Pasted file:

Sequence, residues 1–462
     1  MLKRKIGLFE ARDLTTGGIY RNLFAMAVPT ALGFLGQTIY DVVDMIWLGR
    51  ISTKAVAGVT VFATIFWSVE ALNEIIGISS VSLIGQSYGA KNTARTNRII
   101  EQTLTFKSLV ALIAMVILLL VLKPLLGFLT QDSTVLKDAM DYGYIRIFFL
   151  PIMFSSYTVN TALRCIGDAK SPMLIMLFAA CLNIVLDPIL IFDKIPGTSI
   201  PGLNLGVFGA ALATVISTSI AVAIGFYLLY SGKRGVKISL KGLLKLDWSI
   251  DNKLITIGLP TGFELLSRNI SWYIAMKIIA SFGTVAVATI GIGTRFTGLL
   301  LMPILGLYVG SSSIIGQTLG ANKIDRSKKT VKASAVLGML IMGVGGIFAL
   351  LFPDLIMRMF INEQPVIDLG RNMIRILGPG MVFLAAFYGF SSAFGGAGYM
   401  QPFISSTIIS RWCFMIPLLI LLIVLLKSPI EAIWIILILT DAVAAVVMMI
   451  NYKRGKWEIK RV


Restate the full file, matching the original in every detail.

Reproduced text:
Sequence, residues 1–462
     1  MLKRKIGLFE ARDLTTGGIY RNLFAMAVPT ALGFLGQTIY DVVDMIWLGR
    51  ISTKAVAGVT VFATIFWSVE ALNEIIGISS VSLIGQSYGA KNTARTNRII
   101  EQTLTFKSLV ALIAMVILLL VLKPLLGFLT QDSTVLKDAM DYGYIRIFFL
   151  PIMFSSYTVN TALRCIGDAK SPMLIMLFAA CLNIVLDPIL IFDKIPGTSI
   201  PGLNLGVFGA ALATVISTSI AVAIGFYLLY SGKRGVKISL KGLLKLDWSI
   251  DNKLITIGLP TGFELLSRNI SWYIAMKIIA SFGTVAVATI GIGTRFTGLL
   301  LMPILGLYVG SSSIIGQTLG ANKIDRSKKT VKASAVLGML IMGVGGIFAL
   351  LFPDLIMRMF INEQPVIDLG RNMIRILGPG MVFLAAFYGF SSAFGGAGYM
   401  QPFISSTIIS RWCFMIPLLI LLIVLLKSPI EAIWIILILT DAVAAVVMMI
   451  NYKRGKWEIK RV